Big Dissapointment. I just don’t get this restaurant. Complementary french fries in a supposedly 5 star, best steak restaurant in DC, type of establishment? Oh please. We don’t go to restaurants that serve chicken strips and french fries for a reason. We don’t think children should be allowed in a 5 star restaurant. It was noisy, crowed, and the staff was inexperienced and didn’t seem to care you were dropping $300 for dinner. You should never have to beg for more water, ice tea or coffee. They should have noticed that the food was so bad that it didn’t get eaten. They didn’t ask if everything was ok. They had their collective noses too far north to notice. I am normally a Four Seasons fan but this particular paring does not work. They should stick to Charlie Palmer or better.
Worth the splurge.
There are French fries. And then, there are French fries that I dream about. Those are fried in duck fat, seasoned three ways and served with three sauces. They are crispy but light, and so addictive that I can’t stop eating them until the truffle bread comes.
Ah, the truffle bread. Another dream. I find myself visiting Bourbon Steak at the Four Seasons Hotel in Georgetown for any reason. I’ll go with a couple of friends to sit at a cocktail table, take a date to dinner or have a glass of wine on my own at the bar. For appetizers at the bar, the beef tartare and foie gras are all filling enough to be a meal (especially if you started with the fries). But if you’re planning on an oak-fired steak for dinner with a side of black truffle macaroni and cheese, start off with something a bit lighter—like the tuna tartare or crab beignets.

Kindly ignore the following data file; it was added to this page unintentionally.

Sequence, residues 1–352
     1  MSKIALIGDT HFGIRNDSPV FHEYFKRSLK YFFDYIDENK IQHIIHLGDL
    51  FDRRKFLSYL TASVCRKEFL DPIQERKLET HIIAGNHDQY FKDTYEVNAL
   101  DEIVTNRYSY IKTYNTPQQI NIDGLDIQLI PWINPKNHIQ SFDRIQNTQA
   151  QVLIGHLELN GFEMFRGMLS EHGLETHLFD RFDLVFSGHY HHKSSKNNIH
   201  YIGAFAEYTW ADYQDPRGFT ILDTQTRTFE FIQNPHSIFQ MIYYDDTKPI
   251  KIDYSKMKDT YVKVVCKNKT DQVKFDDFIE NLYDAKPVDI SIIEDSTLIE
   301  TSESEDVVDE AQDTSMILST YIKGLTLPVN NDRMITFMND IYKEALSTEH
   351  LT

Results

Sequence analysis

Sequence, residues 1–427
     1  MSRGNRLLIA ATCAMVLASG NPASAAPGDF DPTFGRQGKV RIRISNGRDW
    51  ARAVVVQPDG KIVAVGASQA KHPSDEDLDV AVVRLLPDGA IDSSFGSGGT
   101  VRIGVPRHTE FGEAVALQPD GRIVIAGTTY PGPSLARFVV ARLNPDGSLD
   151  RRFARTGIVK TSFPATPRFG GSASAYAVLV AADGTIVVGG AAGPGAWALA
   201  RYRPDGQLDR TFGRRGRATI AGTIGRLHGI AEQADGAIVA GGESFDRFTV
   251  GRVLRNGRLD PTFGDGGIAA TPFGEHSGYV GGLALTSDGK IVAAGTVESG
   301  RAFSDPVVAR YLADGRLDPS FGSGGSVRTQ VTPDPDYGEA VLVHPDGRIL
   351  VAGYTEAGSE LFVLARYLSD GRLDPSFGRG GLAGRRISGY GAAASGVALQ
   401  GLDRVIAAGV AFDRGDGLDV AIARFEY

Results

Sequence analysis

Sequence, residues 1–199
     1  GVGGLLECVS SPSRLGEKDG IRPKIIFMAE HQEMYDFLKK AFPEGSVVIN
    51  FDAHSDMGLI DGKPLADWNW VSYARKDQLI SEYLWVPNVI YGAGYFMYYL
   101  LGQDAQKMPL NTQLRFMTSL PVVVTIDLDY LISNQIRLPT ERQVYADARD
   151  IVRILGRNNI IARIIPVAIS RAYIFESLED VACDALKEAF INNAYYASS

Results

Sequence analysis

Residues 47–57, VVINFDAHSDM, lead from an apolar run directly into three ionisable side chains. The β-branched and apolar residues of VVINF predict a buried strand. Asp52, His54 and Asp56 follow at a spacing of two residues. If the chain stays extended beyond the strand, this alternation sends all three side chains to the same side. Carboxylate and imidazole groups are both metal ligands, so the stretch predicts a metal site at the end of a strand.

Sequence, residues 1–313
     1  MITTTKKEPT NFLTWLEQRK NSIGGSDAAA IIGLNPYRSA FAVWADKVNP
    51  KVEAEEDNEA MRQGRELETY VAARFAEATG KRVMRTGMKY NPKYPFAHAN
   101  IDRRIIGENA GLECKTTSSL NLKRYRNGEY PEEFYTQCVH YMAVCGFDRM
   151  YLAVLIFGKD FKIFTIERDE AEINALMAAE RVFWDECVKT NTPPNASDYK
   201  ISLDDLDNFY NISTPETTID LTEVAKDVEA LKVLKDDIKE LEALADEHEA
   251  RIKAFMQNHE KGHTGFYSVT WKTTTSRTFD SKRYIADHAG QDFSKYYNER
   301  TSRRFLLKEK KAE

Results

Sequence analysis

Citysearch Editorial Review. Tucked inside the Georgetown Four Seasons hotel, Bourbon Steak is part of celebrity chef Michael Mina's collection of high-end American restaurants. The upscale steakhouse includes a chic, modern lounge--with views of the hotel's garden and private patio--outfitted in low, leather banquettes where stylish guests mingle with the Georgetown business set to indulge in inventive pre-dinner cocktails dreamed up by one of the country's premier mixologists. In the dining room, partitioned brown leather booths provide privacy for the celebrities and power players that frequent the restaurant for--what else?--flavorful, butter-bath prepared steak from the grill. The menu also features American classics with an upscale twist--such as black truffle mac and cheese--and desserts like Michael's rootbeer float, which comes with sassafras ice cream, root beer sorbet and chocolate chip walnut cookies.
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